Company subsidiaries have received subpoenas and/or Civil Investigative Demands (“CID”) from the United States Department of Justice, the United States Health and Human Services, Office of Inspector General, United States Congressional Committees as well as various state regulatory and enforcement authorities. Each of the subpoenas and CIDs seek documents and information relating to discrete topics, including but not limited to: the calculation and reporting by certain Company subsidiaries of their Average Manufacturer Prices, Average Wholesale Prices and Best Prices for several of their products; sales and marketing practices of Botox to urology practices; the promotion and sale of two gastroenterology products; the Saint Regis Mohawk Tribe’s acquisition of six Restasis patents and the granting of exclusive licenses to the Restasis product to the Company; and, the promotion and sale of opioid products. In each case, the Company and its subsidiaries are cooperating fully with the governmental authority’s requests.

Certain states have initiated lawsuits and qui tam lawsuits have been filed by private parties, also known as relators, on behalf of the federal or state governments. Certain Company subsidiaries have been named as defendants in lawsuits that allege generally that state Medicaid agencies were overcharged for their share of Medicaid drug reimbursement costs due to inflated Average Wholesale Prices (“AWP”) reported by the Company subsidiaries. AWP lawsuits are currently pending in Illinois, Utah and Wisconsin.

Namenda XR®/Namzaric® Qui Tam.  A relator filed a qui tam lawsuit on behalf of the United States government and several individual states against the Company and certain of its subsidiaries along with Adamas Pharma LLC and Adamas Pharmaceuticals, Inc. (collectively, “Adamas”).  The lawsuit, filed in the U.S. District Court for the Northern District of California, was unsealed on February 6, 2019.   The federal and state governments have declined to intervene in this action.  The complaint alleges generally that the Adamas and Allergan defendants each engaged in conduct that delayed generic versions of Namenda XR® and/or Namzaric® from entering the market and that such conduct resulted in the submission of false claims to the government.  The Allergan defendants have not yet responded to the complaint.

Medical Aesthetics Qui Tam.  A subsidiary of the Company was recently served with a qui tam lawsuit that was filed in the U.S. District Court for the Central District of California on behalf of the United States and several individual states.  The federal and state

45


 

governments have declined to intervene in this action.  The complaint alleges that certain promotional programs and sampling practices of the Company’s Medical Aesthetics business result in price reporting violations and violate anti-kickback statutes.  The Company subsidiary has not yet responded to this complaint.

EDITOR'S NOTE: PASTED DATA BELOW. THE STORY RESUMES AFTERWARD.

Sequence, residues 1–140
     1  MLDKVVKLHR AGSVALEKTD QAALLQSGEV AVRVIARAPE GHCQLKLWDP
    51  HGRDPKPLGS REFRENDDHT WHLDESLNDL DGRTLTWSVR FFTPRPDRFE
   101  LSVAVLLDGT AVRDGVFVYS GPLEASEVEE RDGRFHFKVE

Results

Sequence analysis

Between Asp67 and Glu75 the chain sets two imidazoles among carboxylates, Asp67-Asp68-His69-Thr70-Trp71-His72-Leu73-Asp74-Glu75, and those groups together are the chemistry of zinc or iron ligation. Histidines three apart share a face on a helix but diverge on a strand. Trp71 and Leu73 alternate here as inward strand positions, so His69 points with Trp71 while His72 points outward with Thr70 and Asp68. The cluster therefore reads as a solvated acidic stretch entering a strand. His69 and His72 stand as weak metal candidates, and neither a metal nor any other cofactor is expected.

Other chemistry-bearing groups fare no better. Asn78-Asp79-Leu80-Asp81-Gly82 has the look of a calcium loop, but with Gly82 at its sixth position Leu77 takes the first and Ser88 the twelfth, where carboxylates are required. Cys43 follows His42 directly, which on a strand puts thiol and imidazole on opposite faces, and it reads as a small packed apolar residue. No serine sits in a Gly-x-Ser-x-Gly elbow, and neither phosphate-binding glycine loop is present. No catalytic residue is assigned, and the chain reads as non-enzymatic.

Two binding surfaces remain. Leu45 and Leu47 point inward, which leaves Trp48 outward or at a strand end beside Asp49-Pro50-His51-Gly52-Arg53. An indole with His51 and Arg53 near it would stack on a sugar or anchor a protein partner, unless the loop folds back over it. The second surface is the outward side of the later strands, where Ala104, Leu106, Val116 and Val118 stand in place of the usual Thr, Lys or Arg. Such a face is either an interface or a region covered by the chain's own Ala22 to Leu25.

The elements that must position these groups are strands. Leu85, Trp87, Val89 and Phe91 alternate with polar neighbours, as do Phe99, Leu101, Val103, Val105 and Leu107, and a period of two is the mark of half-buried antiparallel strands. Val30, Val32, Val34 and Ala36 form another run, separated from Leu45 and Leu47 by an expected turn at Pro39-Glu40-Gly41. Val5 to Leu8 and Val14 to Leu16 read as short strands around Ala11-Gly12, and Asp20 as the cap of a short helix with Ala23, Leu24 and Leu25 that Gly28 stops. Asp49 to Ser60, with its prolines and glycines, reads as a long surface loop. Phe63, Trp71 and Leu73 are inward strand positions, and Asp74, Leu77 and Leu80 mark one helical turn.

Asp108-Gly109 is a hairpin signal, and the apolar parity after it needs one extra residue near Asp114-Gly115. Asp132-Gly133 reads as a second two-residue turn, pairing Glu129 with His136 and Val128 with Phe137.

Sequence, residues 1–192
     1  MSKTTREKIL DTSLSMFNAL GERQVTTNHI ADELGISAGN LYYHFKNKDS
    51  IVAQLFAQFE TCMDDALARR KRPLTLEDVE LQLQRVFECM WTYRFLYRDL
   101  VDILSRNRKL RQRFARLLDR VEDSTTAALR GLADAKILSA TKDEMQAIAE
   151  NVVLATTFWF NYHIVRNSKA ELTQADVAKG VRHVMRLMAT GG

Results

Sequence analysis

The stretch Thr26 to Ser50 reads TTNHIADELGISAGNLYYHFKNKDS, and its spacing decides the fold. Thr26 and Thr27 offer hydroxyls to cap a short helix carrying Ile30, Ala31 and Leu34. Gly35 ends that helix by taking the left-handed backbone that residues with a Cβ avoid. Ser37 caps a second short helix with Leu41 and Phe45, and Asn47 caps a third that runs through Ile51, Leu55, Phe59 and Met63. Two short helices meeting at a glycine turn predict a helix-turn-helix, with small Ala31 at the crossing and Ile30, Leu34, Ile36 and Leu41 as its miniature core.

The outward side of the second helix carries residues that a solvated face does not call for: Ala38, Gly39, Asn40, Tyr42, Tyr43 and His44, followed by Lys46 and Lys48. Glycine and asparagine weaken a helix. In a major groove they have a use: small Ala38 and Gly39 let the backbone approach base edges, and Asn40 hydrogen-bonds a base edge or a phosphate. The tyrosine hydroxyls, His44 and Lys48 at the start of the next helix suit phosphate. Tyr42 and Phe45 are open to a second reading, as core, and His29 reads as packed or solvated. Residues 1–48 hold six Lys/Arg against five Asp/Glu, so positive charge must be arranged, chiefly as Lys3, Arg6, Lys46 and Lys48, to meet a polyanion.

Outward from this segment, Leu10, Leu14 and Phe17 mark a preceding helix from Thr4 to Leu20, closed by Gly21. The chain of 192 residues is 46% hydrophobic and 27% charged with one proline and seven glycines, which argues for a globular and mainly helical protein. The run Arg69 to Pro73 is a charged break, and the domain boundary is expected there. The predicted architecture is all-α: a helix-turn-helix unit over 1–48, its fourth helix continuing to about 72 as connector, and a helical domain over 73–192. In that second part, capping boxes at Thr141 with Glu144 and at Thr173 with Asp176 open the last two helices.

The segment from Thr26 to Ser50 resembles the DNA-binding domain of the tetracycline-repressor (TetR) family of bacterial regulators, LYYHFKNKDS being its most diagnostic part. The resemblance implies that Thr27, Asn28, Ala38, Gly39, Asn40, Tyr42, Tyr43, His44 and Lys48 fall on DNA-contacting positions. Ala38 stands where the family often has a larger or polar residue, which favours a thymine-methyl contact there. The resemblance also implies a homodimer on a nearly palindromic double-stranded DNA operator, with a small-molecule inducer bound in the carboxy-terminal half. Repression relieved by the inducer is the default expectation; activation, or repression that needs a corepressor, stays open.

Matters Relating to the Company’s Divested Generics Business

The following matters relate to the former generics business of the Company or the transaction pursuant to which that business was sold to Teva, effective August 2, 2016. Teva has agreed to indemnify and defend the Company against all matters asserted in litigation against the Company arising out of the former generics business, including litigations and investigations relating to generic opioid products including, without limitation, the actions described below.

Lidoderm® Litigation. The U.S. Federal Trade Commission filed a lawsuit in federal district court in the Eastern District of Pennsylvania against the Company and one of its former global generics business subsidiaries and others alleging that patent litigation settlements relating to Lidoderm were anticompetitive. The FTC voluntarily withdrew its complaint in Pennsylvania and filed a similar complaint in the U.S. District Court for the Northern District California where similar lawsuits filed by private plaintiffs were already pending and where the State of California filed a similar complaint against the same defendants. Defendants in the Pennsylvania action filed a declaratory judgment action against the FTC in the Pennsylvania federal court but the court granted the FTC’s motion to dismiss this lawsuit. The FTC and State of California’s actions were stayed pending the declaratory judgment action in the Eastern District of Pennsylvania. The federal court in California has not yet issued a ruling or lifted the stay in these cases since the court’s ruling in the Eastern District of Pennsylvania.

Hydrocortisone Investigation. In 2016, the Company received notice from the UK Competition and Markets Authority (“CMA”) that it would be included within the scope of the CMA’s formal investigation under Section 25 of the Competition Act of 1998 (“CA98”) into suspected abuse of dominance by a former generics business subsidiary of the Company in relation to the supply of 10mg and 20mg hydrocortisone tablets. The CMA is investigating: (i) alleged excessive and unfair prices with respect to hydrocortisone tablets and (ii) whether the former generics business subsidiary entered into anti-competitive agreements with a potential competitor for this product. The CMA has issued statements of objection with respect to both parts of its investigation. The Company intends to cooperate fully with the investigation.